When I sat down to write the brief show notes for the YouTube episode, I ended up spending 9 hours writing a 3,500 systematic response. Which is probably too much to ask of most people. So, here is the TL:DR or Cliff’s Notes version of that post. If you want to see any of these points elaborated or the documentation supporting them, please pop over to the original post.
TL:DR of this TL:DR I have learned very different lessons from firearms classes than Harel Shapira.
The title, of course, is provocative and the essay certainly provoked considerable attention on my social media feeds. My gun-skeptic friends had all of their biases about Gun Culture 2.0 confirmed, while my gun-sympathetic friends didn’t recognize themselves in Shapira’s characterization.
As usual, I tried to translate between these two different perspectives, but 140 characters doesn’t allow for much nuance.
So, in addition to 11 minutes of more free-flowing “Light Over Heat” video comments, this blog post presents the points I would like to make more systematically.
TL:DR I have learned very different lessons from firearms classes than Harel Shapira.
In last week’s video on Gun Culture 2.0, I mentioned the “Concealed Carry Revolution” as establishing an important aspect of the legal environment within which people practice armed self-defense today.
Here I want to briefly summarize the ideas he shared with my students, while respecting the fact that the session itself was not for public consumption.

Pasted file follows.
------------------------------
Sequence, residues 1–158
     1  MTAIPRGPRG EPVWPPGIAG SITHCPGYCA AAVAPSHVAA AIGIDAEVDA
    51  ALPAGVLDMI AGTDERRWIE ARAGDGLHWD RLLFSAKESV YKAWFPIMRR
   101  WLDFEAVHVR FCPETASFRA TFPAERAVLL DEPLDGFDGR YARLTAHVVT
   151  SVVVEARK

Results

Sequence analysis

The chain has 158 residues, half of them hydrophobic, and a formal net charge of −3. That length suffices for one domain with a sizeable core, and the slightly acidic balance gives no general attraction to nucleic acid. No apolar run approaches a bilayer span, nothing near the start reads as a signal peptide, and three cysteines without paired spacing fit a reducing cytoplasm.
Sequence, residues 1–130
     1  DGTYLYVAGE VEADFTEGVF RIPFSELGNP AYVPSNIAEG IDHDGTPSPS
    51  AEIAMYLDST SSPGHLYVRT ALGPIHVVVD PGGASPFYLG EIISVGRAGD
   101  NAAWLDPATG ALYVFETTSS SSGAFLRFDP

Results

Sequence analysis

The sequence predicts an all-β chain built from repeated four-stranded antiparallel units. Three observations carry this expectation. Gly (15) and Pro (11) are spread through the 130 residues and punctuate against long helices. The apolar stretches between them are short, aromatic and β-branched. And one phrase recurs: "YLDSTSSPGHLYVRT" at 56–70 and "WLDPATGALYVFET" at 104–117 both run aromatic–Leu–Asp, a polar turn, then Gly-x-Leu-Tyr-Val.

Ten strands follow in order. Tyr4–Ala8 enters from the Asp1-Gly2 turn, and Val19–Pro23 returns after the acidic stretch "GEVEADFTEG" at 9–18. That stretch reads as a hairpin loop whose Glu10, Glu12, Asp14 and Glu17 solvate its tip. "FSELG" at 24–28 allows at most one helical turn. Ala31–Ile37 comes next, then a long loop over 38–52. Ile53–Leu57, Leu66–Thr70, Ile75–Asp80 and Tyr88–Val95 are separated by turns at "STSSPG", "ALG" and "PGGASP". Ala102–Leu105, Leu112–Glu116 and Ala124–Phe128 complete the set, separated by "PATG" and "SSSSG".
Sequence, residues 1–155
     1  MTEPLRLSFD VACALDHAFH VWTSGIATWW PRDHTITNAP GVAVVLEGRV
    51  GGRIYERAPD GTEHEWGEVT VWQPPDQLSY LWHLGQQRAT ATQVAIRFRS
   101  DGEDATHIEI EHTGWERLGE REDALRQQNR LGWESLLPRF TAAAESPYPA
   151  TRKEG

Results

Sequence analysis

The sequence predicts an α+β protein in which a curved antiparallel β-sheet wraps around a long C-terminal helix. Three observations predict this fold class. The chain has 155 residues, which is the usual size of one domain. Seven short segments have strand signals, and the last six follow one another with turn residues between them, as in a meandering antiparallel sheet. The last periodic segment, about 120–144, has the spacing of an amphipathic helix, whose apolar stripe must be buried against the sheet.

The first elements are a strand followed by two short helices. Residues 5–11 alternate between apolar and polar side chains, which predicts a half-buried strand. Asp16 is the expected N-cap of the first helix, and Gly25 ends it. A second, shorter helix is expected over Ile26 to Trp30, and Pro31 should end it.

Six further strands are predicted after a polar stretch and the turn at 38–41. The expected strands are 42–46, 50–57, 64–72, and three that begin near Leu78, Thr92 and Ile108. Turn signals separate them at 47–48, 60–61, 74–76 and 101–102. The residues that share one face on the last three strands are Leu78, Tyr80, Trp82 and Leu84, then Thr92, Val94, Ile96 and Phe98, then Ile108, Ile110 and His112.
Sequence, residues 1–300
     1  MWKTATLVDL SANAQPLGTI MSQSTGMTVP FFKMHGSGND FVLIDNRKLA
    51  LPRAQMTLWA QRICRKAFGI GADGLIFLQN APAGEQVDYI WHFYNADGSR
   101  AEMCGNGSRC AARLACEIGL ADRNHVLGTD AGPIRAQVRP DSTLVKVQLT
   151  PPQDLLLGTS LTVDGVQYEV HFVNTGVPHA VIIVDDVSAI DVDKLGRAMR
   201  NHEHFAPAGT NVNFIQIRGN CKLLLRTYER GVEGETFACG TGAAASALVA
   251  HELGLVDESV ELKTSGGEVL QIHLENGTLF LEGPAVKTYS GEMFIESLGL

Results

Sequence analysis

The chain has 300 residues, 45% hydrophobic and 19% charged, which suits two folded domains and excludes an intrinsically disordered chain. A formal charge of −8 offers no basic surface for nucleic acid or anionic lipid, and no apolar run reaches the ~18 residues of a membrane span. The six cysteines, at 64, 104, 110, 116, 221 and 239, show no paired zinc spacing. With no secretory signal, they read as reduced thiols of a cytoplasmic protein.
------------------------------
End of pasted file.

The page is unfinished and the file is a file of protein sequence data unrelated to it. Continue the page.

(NOTE: In order to provide an environment in which everyone feels comfortable sharing their ideas, no outside observers are allowed in the class and no recording of it is made public. Although there is a clear trade-off in keeping the information private, John mentioned after the session that there were things he was able to share that he might not otherwise because the session was not public.)
Even people who are avidly anti-gun recognize the value of pepper spray as a tool of personal protection.
On the other side, some pro-defensive gun people ignore pepper spray thinking that the gun they carry will solve all of their problems. According to trainer John Murphy, this is like trying to “hammer screws.”
Thankfully, those in the civilian defensive gun training industry whose work I respect most are increasingly promoting pepper spray as an important force option, one that can solve problems of personal protection well before lethal force would be necessary or legally justified.